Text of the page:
Closing Grain and Livestock Futures
Mar. corn closed at $4.20 and 1/2, down 1 and 1/2 cents
Jan. soybeans closed at $12.87, down 25 and 1/2 cents
Jan. soybean meal closed at $423.80, down $13.90
Jan. soybean oil closed at 38.51, down 31 points
Mar. wheat closed at $5.97, down 8 and 1/4 cents
Feb. live cattle closed at $135.62, up $1.00
Feb. lean hogs closed at $87.07, up $1.65
Feb. crude oil closed at $95.44, down $2.98
Mar. cotton closed at 84.04, down 60 points
Jan. Class III milk closed at $19.66, up 32 cents
Jan. gold closed at $1,225.10, up $23.10
Dow Jones Industrial Average: 16,441.35, down 135.31 points
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Market News Report
Soybeans were sharply lower on fund and commercial selling, in addition to spillover from the outside markets. There’s more rain headed for key growing areas of Brazil and dry parts of Argentina got some unexpected and needed precipitation. Additionally, the harvest of early planted beans in underway in Brazil’s top producing state of Mato Grosso. Past that – after falling through what had been support Tuesday, beans continued to sell off coming back from New Years. Soybean meal and oil were lower on spillover from beans and the general fundamental implications of a record South American crop. USDA’s weekly export sales report is out Friday at 8:30 AM Eastern/7:30 AM Central. Soybeans are placed at 400,000 to 900,000 tons, meal is seen at 40,000 to 125,000 tons, and oil is pegged at 0 to 45,000 tons.
Corn was lower on commercial and fund selling, along with spillover from beams. Ethanol demand remains good, but the trade’s very concerned about export demand for corn and DDG’s, especially from China. In any event, the trade expects a record crop number and increased ending stocks next week. Ethanol was mixed with January through June 2014 up and all other month’s down. Weekly U.S. corn sales are expected to be between 250,000 and 900,000 tons.
The wheat complex was lower on fund and technical selling, in addition to the higher dollar. There was just not much fresh news coming back from that day off and everyone around the grain and oilseed markets are waiting for the January 10 USDA numbers. U.S. winter wheat areas are cold, but large portions do have snow cover. Taiwan is tendering for 54,800 tons of U.S. milling wheat. Weekly U.S. wheat sales are projected at 200,000 to 600,000 tons.
USDA Mandatory reports cattle trading was active in the Southern Plains Thursday on very good demand. Compared to last week, live sales in the Texas Panhandle were 3.00 higher, with sales in Kansas 4.00 to 5.00 higher at 137.00. Trading was light to moderate in Nebraska on very good demand. Compared to last week, early live sales were 2.00 higher at 138.00, with dressed sales 4.00 to 5.00 higher at 217.00 to 218.00. Trading was light in Iowa with early dressed sales at 216.00 to 217.00. The kill was estimated at 121,000 head, 11,000 more than last week, but 7,000 less than last year.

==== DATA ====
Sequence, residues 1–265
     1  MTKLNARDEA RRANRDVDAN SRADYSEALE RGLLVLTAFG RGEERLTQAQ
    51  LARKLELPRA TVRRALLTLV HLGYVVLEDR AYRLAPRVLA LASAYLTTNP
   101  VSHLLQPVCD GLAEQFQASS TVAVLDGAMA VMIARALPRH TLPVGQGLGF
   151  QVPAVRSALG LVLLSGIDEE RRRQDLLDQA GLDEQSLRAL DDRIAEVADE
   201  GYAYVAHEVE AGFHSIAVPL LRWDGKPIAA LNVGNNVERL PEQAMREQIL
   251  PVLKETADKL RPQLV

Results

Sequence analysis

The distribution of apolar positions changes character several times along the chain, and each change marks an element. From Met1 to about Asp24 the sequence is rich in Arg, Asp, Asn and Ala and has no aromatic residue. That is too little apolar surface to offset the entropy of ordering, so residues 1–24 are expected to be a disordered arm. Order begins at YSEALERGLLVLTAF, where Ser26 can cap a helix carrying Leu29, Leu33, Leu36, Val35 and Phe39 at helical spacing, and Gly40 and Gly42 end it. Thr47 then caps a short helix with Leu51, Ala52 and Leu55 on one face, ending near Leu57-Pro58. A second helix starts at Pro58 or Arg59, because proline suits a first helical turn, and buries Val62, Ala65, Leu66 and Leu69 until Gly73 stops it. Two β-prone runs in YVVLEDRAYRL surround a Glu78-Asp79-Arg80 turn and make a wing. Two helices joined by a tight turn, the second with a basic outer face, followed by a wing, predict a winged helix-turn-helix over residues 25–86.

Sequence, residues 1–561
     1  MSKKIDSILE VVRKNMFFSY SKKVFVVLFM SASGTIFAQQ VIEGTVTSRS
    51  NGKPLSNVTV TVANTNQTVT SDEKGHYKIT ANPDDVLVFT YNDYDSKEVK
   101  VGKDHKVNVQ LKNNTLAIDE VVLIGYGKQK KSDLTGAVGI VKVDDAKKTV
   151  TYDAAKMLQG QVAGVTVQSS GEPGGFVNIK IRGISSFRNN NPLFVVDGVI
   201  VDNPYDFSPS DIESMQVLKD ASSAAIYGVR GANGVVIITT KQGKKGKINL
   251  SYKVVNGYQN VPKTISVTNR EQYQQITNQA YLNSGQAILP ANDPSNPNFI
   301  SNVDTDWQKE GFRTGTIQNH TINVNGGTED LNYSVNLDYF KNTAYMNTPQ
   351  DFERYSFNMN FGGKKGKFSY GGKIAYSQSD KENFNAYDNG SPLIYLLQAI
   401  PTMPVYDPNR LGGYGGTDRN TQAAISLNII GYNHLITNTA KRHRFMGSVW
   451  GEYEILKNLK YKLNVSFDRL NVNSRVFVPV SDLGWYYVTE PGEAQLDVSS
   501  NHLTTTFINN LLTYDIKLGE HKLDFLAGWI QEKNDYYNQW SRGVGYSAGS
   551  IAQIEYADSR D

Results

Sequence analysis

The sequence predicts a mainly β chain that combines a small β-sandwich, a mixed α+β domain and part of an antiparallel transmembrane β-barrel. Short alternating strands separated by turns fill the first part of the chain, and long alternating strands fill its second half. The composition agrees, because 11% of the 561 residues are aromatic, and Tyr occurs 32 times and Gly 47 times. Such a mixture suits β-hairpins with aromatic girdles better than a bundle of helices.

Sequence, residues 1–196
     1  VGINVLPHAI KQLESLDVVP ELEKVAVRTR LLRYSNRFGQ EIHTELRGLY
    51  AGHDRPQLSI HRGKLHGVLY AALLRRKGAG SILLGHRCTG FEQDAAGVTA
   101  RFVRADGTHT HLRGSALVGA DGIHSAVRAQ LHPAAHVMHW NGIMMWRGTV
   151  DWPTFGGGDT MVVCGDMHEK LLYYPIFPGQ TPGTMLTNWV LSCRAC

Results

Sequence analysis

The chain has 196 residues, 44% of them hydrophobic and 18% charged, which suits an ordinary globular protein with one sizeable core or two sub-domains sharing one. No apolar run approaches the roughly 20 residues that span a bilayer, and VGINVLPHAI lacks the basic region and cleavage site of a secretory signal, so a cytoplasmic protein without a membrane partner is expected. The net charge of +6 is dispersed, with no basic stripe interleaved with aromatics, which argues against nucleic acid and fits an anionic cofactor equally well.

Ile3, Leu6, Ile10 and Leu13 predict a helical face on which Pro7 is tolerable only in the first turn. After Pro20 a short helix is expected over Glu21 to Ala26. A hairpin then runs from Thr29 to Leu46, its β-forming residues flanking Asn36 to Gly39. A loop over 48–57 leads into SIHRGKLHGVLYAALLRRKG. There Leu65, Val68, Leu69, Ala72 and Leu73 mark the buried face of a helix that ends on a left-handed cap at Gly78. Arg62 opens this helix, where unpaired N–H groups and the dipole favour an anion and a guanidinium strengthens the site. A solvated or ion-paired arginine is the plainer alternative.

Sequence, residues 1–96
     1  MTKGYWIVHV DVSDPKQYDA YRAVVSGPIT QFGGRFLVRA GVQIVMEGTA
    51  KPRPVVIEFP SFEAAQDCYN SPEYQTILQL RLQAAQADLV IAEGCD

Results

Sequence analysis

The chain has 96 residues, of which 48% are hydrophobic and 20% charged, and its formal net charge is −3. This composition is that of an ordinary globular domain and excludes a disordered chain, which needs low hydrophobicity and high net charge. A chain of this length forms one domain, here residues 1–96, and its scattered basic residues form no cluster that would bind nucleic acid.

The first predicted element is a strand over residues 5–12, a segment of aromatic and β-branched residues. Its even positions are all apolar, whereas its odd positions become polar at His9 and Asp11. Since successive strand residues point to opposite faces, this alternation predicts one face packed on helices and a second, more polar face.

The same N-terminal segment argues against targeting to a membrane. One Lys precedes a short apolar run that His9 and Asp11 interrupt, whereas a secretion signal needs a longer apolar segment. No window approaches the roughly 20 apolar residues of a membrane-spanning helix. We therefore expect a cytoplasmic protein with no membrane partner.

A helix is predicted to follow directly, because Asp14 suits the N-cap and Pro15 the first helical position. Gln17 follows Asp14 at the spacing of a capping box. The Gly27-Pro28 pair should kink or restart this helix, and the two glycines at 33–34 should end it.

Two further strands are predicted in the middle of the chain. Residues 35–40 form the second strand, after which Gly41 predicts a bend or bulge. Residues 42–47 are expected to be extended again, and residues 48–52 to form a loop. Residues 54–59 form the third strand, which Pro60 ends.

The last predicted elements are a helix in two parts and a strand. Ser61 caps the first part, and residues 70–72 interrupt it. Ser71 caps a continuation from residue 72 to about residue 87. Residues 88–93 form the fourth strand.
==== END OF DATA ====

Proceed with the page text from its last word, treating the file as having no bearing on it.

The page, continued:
Boxed beef cutout values were steady to weak on light demand and ;light to moderate offerings. Choice beef was down .10 at 200.55 and select was .36 lower at 196.05.
DTN is reporting they understand the JBS plant in Grand Island, Nebraska is experiencing difficulties and has cancelled some slaughter cattle for today.
Live cattle contracts on the Chicago Mercantile Exchange settled mostly higher. The live pit was on a roll as the New Year began, supported by further evidence of short fed supplies and hungry packers. February and April cracked through ceilings of resistance. Boxed beef values at midday were firm. February settled at 136.62 up 1.00 and April was up .5 at 135.80.
Feeder cattle finished the session higher except for the March contract on support from the live pit. DTN says market history teaches that feedlot profits and optimism quickly translates in terms of greater spending for replacement steers and heifers. January was up .30 at 1.67, and March was down .40 also at 167.00.
There was a special feeder cattle auction at the Joplin, Missouri Regional Stockyards Thursday. Receipts are estimated at 5,000 head. Compared to over two weeks ago, steers and heifers opened sharply higher. The demand was good and the supply was moderate. Feeder steers weighing 550 to 600 pounds traded from 187.00 to 194.00. 5 to 6 weight heifers brought 160.00 to 173.50.
Lean hogs settled 20 to 165 points higher. The lean contracts were on fire. It almost seemed like a delayed reaction to the friendly December hogs and pigs report. Higher direct trade markets in the morning report also helped to support futures, as well as spillover action from the cattle complex. February settled 1.65 higher at 87.07 and April was up 1.12 at 91.80.
Barrows and gilts in the Iowa/Minnesota direct trade closed 1.62 higher with a weighted average of 78.75 on a carcass basis, the West was up 1.53 at 78.58 and the East was 1.02 higher at 76.97. Missouri direct base carcass meat price was steady from 71.00 to 73.00. The terminals were steady to 1.00 higher from 49.00 to 60.00 live.
The pork value was .37 lower at 84.00 FOB plant.
For the week ending Dec. 28, Iowa barrows and gilts averaged 282.3 pounds, 1.7 pounds heavier than the previous week and 6.5 pounds greater than late 2012.
Thursday’s hog slaughter was estimated at 432,000 head. 3,000 less than last week and 1,000 more than last year.
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